Thursday, October 7, 2010

“Venting at an oil change”

Doesn’t it feel good after you get your oil changed? There is a sense that your car feels better and is happy and is eager to go. I like my car to feel that way.

Of course, most of the sense of joy comes from the realization that I won’t have to do that again for a few months. I hate to take care of car stuff. Unfortunately, somebody’s got to do it. Car maintenance didn’t make it onto Kay’s job description. I got all the car stuff. She got ironing clothes and sewing on buttons. Fair tradeoff? I don’t think so.

I used to change the oil myself, but now I let the dealership do it. I’ve mentioned to you that one of my ex-students is a service rep at the dealership. One honest kid, that Troy. He’s even talked me out of doing stuff to the car. “It’s still got a couple years wear, Mr. Hayter.” If the guy told me I needed to change my dweetbottle gage, I’d do it. It’s so nice to trust your service department.

When I have the car serviced, I always bring a book along to read. This time I brought a book written by Robert Parker, one of my favorite Western writers. The book is about Wyatt Earp. I didn’t realize that when I picked it up at the used bookstore. I like Wyatt Earp. He’s like a friend of mine. But enough is enough. There are millions of characters in print I’ve yet to read about. I need to quit Earp.

So, I closed the book, picked up my assigned service beeper and went to look at the new cars in the showroom. If you carry a service beeper with you onto the showroom floor, most salesmen leave you alone. I held mine in front of my chest as I roamed the room.

While studying the window sticker of a Corolla I was a bit startled by a guy who crawled out of the front seat of one of those Toyota Jeep looking things. They call ‘em FJ Cruisers. Probably stands for something.

I was tempted to say something cute like, “That’s one quiet vehicle. I barely heard you drive up.” But the guy looked almost sophisticated. He was a little older than me and looked a whole lot wiser. Some people just carry themselves that way.

I ended up saying, “Looks like a formidable vehicle.” He smiled back. He knew someone who owned an FJ. The only thing bad he had to say about it was the gas mileage. Something to do with it being a heavy, four-wheel drive vehicle.

At this point I was ready to walk over and inspect the Camry, but the gentleman took the conversation up a notch. We were both killing time, so what the hey.

He started discussing fuel efficiency. He doesn’t think electric cars are the answer to the Country’s fuel problems. Not enough power. And, not enough electrical power plants to keep the things recharged.

No, we need to start taking advantage of natural gas. We’ve got more of the stuff in Alaska than we know what to do with. We keep pumping it out and then pumping it back in. I had no idea what that meant, but I smiled like I did.

And it’s safe, too. Not many people realize that when natural gas is liquefied it’s one of the safest of all fuels. You’ve gotta get it real cold to keep it liquid. Once you get it there, it’s safe as can be.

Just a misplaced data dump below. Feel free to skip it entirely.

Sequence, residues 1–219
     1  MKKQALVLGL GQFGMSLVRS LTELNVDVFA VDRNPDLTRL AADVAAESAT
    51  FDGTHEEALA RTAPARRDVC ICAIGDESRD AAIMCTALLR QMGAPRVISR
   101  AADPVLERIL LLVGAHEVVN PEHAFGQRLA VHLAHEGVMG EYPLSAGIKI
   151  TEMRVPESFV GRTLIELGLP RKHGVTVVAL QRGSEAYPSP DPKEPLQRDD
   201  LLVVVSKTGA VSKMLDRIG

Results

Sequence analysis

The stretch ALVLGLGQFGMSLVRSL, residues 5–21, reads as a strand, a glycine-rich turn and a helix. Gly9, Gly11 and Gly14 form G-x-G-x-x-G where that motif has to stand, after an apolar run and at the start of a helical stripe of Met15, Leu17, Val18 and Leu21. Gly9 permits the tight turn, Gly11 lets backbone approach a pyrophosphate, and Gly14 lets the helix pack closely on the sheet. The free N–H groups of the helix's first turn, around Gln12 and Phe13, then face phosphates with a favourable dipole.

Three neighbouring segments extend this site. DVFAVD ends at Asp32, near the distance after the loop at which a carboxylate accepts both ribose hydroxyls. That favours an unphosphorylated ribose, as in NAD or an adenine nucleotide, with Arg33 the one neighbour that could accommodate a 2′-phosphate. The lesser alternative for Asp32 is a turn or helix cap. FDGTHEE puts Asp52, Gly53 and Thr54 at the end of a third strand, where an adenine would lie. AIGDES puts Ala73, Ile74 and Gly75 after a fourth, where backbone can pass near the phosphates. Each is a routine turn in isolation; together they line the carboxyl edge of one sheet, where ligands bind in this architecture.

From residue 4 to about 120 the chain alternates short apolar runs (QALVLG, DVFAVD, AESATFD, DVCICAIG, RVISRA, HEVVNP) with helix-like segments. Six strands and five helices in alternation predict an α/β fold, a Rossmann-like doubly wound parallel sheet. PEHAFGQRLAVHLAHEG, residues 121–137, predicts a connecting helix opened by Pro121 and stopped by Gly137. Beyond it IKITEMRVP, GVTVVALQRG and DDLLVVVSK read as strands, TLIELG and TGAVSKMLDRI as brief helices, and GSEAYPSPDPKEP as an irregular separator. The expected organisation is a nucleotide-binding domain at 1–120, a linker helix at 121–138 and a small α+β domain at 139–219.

I was gonna let that go, but I just had to mention that most things are safe when they’re cold and contained. It’s when they have a leak that all heck breaks loose. The man didn’t argue or take a swing at me. He just nodded and said, “Yes, that’s true.” I like it when people don’t get mad when I question something.

After that he moved the conversation on to The Economy. The man recently sold a business that employed thousands of workers. He obviously knew about the workings of The Economy. Concerning the nation’s financial situation, he said that Ronald Reagan was our last great President.

When I’m standing in a car dealership in Conroe, I’m not stupid enough to question the greatness of Ronald Reagan. “Mr. Gorbachev, tear down this wall!”

Truth is, every president we ever had was responsible for some good stuff happening as well as some bad stuff. And, each had good stuff happen IN SPITE of his efforts as well as bad stuff.

I didn’t say any of that to the man. I just thought it. The man went on to say that the problem with this country is that there are no term limits. Nobody should serve more than two terms. And, we need to elect people who have no political experience. We don’t need politicians making our political decisions for us. He put it in smarter sounding words, but that’s what it meant.

While I was smiling, I was thinking “Elect people with no knowledge of politics to run a political institution. And, get ‘em out of office quick so they don’t have time to really mess things up.” Ingenious? Or lunacy? There’s a fine line sometimes.

The man then said that—“Excuse me, sir, but we need to talk.” That’s what the service manager said to the guy before he could say what he was gonna say. Completely ended the discourse.

But, the man was polite as could be. He smiled and thanked me for the discussion (the listen) and then walked off with the manager.

During the visit, I heard no easy answers to anything. And, I shared few thoughts of my own. The only thing I accomplished was letting someone vent. I’ve found that if you can do that, you’ve pretty well done all you can do.

Everyone just needs to vent. It won’t change the economic, political or ecological landscape, but it’ll make you feel good. Make you think that at least one person has the answers. That’s a great feeling.

Me? All it takes is an oil change. Life is good when I get that thing behind me.


To view Brad and Mark’s latest restaurant review, click on the photo of the two goobers.

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